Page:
behemoth Summary and Overview
Bible Dictionaries at a Glance
behemoth in Easton's Bible Dictionary
(Job 40:15-24). Some have supposed this to be an Egyptian word
meaning a "water-ox." The Revised Version has here in the margin
"hippopotamus," which is probably the correct rendering of the
word. The word occurs frequently in Scripture, but, except here,
always as a common name, and translated "beast" or "cattle."
behemoth in Smith's Bible Dictionary
(great beasts). There can be little or no doubt that by this word, #Job 40:15-24| the hippopotamus is intended since all the details descriptive of the behemoth accord entirely with the ascertained habits of that animal. The hippopotamus is an immense creature having a thick and square head, a large mouth often two feet broad, small eyes and ears, thick and heavy body, short legs terminated by four toes, a short tail, skin without hair except at the extremity of the tail. It inhabits nearly the whole of Africa, and has been found of the length of 17 feet. It delights in the water, but feeds on herbage on land. It is not found in Israel, but may at one time have been a native of western Asia.
behemoth in Schaff's Bible Dictionary
BE'HEMOTH . Job 40:15-24. The word elsewhere translated beasts -- i. e. great beasts -- is here given in its Hebrew form. Evidently this is right, for Job plainly refers to a beast preeminently great. The animal described as the behemoth in the passage above cited was of prodigious size and strength, and corresponds better with the river-horse of Africa (Hippopotamus amphibius), than with any other known animal. It is very probable that this creature, though not now found in Palestine, may once have inhabited the rivers of Western Asia. The average length of the male hippopotamus (including a tail about 1 foot long) is 14 feet. His girth is nearly the same, and his height at the shoulder is 5 or 6 feet. The huge, uncouth body of the animal is supported by short, stout limbs with four toes, each of which toes has a small hoof. The aperture of his mouth is 2 feet broad, and his tusks are more than a foot long. Cutting-teeth, which retain their sharpness by the same wonderful provision seen in the squirrel, enable him to mow as with a scythe the coarse, tough plants, aquatic roots, and grasses which are his food. A stomach capable of containing 5 or 6 bushels of vegetable matter prepares him to devour enormous quantities of herbage along river-margins and prove sadly destructive to neighboring crops. Though clumsy on the land, in the water the movements of the hippopotamus are often graceful and rapid. For the most part, he loves to lie "in the covert of the reeds and fens," or float in the water with only his nostrils visible. By way of exercise, he walks at the bottom of the river or climbs the neighboring hillsides ("mountains" of the Bible). "The old commentators have made all sorts of conjectures on the behemoth. Some have maintained it was the elephant, others the wild buffalo, others the mammoth or some extinct pachyderm, others that it is a poetical description of these large creatures generally. But it appears clear that the description suits the hippopotamus exactly, and it alone; and this description has been adopted by Bochart and most modern critics. We know from the Egyptian monuments that this huge animal was hunted with spears; and noting its place in the description of the marvels of creation in Job, just before the leviathan or crocodile, the sequence seems to be that, powerful and terrible as is the hippopotamus, yet it may sometimes be taken with spears: 'But what canst thou do with the crocodile? Will spears and barbs avail against him?' " -- Tristram.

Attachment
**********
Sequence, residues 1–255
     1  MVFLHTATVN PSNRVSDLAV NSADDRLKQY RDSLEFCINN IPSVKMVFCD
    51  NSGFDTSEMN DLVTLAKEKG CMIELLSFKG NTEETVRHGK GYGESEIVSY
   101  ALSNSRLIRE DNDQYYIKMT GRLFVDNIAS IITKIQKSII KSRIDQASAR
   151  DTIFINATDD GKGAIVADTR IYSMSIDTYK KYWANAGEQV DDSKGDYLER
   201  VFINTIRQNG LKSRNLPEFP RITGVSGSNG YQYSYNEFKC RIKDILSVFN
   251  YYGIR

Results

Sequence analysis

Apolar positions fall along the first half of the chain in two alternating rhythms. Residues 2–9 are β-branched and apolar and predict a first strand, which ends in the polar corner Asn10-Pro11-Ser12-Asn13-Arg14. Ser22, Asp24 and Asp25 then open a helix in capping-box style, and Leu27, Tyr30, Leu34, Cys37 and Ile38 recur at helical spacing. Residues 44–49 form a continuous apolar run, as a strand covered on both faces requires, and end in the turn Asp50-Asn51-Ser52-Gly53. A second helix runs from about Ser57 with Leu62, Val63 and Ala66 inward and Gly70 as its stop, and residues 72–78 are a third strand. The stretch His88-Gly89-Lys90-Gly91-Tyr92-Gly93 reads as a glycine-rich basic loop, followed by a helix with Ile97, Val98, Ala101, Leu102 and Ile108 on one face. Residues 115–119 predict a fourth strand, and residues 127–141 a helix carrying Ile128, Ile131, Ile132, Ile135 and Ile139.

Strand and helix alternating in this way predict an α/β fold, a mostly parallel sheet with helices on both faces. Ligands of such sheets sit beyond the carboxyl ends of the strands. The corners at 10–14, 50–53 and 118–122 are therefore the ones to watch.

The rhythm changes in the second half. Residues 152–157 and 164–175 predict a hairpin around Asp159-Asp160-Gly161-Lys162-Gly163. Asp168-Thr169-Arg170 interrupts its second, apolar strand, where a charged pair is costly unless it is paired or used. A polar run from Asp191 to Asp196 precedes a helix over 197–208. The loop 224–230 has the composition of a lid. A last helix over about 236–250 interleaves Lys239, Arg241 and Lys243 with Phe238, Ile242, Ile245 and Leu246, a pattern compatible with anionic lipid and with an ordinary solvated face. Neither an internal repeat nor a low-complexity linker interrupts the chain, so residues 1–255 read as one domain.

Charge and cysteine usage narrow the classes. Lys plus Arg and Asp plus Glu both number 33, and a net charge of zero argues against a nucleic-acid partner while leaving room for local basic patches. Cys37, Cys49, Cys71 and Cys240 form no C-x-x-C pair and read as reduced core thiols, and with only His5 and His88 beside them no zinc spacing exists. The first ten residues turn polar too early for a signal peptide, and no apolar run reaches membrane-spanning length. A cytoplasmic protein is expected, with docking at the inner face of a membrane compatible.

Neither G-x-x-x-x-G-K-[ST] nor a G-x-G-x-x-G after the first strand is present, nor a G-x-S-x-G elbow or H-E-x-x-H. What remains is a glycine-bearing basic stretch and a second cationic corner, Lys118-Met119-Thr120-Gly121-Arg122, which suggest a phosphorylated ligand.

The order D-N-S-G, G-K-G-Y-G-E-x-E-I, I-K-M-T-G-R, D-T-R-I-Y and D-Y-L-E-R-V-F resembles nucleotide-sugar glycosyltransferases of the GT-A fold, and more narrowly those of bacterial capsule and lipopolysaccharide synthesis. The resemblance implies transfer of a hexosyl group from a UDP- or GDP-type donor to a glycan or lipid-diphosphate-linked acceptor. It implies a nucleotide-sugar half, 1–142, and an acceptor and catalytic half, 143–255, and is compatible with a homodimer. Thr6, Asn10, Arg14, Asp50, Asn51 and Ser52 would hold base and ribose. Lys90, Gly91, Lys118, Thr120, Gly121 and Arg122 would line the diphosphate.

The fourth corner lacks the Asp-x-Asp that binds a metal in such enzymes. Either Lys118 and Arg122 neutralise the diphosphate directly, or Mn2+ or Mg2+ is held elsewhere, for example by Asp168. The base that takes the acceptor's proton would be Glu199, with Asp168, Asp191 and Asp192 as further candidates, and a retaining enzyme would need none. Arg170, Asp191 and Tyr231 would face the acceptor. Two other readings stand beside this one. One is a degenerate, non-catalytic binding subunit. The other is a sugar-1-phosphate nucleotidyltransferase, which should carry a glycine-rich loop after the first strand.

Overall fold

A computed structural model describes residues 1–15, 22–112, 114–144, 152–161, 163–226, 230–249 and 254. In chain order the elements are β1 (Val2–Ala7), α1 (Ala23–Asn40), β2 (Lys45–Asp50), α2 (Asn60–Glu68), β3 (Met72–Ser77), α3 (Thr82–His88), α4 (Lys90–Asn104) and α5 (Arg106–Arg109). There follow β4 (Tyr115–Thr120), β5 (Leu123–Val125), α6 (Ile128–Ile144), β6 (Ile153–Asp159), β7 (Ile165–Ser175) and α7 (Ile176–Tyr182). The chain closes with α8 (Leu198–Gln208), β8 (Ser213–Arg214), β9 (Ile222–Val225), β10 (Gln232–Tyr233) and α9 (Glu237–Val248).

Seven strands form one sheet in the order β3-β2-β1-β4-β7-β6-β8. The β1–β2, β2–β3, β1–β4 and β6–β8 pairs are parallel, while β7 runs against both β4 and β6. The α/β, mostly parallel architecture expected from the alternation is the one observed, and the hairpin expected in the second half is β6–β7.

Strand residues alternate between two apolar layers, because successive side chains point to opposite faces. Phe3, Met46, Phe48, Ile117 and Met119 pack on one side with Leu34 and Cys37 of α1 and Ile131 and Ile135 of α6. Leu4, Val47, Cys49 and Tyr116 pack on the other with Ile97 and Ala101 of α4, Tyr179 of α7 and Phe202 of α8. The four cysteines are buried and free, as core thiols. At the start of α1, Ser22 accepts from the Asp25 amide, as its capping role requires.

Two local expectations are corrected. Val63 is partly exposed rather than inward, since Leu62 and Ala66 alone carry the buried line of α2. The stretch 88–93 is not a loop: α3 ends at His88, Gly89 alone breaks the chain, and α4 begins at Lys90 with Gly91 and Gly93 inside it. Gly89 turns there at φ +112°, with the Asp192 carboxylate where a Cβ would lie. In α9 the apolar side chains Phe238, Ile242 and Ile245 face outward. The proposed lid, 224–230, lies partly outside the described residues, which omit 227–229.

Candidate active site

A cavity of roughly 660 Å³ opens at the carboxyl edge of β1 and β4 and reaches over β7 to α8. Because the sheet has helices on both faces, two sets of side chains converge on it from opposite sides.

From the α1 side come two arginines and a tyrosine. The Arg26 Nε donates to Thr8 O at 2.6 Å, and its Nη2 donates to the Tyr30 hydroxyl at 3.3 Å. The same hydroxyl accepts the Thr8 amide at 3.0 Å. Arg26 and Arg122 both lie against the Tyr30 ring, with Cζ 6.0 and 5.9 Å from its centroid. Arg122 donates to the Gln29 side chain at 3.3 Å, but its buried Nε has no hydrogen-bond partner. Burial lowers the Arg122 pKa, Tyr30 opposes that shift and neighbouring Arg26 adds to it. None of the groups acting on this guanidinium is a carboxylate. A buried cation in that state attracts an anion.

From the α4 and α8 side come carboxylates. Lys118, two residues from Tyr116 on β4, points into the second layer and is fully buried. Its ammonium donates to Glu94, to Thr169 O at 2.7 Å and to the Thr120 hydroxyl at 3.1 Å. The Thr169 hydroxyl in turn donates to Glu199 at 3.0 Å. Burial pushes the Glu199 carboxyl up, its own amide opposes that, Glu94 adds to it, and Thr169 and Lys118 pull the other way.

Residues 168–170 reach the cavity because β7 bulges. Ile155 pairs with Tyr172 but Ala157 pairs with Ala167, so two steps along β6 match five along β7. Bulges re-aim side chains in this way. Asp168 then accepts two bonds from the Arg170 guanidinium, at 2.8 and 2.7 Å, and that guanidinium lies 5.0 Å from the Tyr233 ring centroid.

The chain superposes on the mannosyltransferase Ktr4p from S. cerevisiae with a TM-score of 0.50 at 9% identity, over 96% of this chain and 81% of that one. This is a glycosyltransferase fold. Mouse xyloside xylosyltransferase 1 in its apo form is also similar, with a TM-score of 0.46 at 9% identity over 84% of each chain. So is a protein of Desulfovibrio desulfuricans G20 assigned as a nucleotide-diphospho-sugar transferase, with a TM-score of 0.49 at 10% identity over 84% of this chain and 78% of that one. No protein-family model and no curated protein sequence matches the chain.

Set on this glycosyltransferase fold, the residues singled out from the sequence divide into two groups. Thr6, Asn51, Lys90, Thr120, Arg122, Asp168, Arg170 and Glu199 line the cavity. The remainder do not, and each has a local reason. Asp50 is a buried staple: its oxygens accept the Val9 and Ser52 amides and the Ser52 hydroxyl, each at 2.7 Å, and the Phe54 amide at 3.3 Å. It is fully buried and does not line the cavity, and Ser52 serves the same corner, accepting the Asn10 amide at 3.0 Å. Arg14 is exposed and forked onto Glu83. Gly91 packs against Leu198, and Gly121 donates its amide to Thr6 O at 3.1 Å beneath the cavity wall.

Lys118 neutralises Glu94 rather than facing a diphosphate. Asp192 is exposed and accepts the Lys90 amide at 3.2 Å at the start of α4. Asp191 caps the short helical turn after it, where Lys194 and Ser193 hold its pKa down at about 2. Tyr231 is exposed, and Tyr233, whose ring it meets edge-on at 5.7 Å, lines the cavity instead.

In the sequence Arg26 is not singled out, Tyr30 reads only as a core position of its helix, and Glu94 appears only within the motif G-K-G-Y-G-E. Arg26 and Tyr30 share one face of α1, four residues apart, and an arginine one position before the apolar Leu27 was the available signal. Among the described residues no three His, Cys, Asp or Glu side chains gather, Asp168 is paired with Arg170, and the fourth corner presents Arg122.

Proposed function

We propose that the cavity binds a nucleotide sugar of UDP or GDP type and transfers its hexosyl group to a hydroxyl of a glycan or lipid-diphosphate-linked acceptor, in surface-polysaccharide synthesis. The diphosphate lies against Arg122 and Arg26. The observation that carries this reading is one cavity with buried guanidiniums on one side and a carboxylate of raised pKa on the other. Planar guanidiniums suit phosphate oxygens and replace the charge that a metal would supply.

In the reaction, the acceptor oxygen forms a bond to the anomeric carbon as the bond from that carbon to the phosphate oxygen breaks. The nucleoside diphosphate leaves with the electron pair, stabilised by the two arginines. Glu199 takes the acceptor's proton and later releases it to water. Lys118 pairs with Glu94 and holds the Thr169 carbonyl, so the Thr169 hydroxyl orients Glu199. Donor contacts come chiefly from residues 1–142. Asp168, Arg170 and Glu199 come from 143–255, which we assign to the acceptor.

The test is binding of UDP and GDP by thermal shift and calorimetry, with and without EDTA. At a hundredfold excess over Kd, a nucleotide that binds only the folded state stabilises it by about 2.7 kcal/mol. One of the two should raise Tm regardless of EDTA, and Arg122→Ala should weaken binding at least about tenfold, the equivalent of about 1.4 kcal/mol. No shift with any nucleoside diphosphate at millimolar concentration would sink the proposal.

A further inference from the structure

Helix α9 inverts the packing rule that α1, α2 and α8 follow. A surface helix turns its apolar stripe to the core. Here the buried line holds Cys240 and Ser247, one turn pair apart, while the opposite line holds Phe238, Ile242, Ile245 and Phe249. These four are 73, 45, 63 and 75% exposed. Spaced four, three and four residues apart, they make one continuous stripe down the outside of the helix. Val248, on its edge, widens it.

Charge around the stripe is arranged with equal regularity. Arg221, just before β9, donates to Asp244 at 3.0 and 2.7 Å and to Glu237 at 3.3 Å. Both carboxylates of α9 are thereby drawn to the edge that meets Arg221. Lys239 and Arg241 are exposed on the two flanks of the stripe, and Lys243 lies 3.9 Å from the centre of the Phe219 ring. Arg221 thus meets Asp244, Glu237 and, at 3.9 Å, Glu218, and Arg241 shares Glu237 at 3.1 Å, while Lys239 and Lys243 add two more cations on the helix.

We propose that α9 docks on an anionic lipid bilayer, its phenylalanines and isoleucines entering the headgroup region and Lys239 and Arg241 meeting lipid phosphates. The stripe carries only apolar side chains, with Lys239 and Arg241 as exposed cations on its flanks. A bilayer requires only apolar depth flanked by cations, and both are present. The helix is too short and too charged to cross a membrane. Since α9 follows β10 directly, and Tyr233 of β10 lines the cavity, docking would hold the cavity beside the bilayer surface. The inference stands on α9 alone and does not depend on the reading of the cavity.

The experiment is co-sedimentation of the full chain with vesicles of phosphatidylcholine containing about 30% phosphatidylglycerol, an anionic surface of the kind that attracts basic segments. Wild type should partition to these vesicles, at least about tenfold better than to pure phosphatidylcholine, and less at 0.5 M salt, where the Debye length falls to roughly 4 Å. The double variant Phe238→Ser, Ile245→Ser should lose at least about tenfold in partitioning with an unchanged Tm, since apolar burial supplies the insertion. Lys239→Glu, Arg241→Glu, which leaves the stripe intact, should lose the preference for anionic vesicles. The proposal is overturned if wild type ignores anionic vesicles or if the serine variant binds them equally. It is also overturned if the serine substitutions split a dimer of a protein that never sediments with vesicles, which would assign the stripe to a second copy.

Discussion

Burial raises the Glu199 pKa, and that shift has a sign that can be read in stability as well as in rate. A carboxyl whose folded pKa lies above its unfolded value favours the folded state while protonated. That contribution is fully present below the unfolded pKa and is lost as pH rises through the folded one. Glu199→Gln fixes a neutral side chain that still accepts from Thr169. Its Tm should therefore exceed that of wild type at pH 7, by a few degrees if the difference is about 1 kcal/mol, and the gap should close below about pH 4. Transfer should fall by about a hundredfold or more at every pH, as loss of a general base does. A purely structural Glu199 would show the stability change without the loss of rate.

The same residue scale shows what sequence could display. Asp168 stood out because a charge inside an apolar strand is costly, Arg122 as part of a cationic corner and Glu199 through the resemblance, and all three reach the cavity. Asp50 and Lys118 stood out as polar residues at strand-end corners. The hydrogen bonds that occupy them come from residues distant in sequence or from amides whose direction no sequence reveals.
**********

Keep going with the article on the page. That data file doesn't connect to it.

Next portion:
behemoth in Fausset's Bible Dictionary
(Job 40:15-24.) The Egyptian, Coptic, pehemout, "the water ox," Hebraized; our "river horse", hippopotamus. "Behold I made him with thee." Yet how great the difference! "He eateth grass as an ox;" a marvel in an animal so much in the water, and that such a monster is not carnivorous. "His force is in the navel (rather muscles) of his belly"; the elephant's skin there is thin, but the hippopotamus' skin thick. "He moveth his tail like a cedar," short indeed, but straight and rigid as the cedar. "The sinews of his thighs are twisted together," like a thick rope. "His bones are as strong tubes of copper .... his spine like bars of iron." He that made him hath furnished him with his sword" (his sickle-like teeth). Though so armed, he lets "all the beasts of the field play" near him, for he is herbivorous.
"He lieth under the lotus bushes," in the covert of the reed and fens (being amphibious). "The lotus bushes cover him with their shadow." "Behold (though) a river be overwhelming, he is not in hasty panic (for he can live in water as well as land); he is secure, though a Jordan swell up to his mouth." Job cannot have been a Hebrew, or he would not adduce Jordan, where there were no river horses. He alludes to it as a name known only by hearsay, and representing any river. "Before his eyes (i.e. openly) will any take him, or pierce his nose with cords?" Nay, he can only be taken by guile. Jehovah's first discourse (Job 38-39) was limited to land animals and birds; this second discourse requires therefore the animal classed with the crocodile to be amphibious, as the river horse.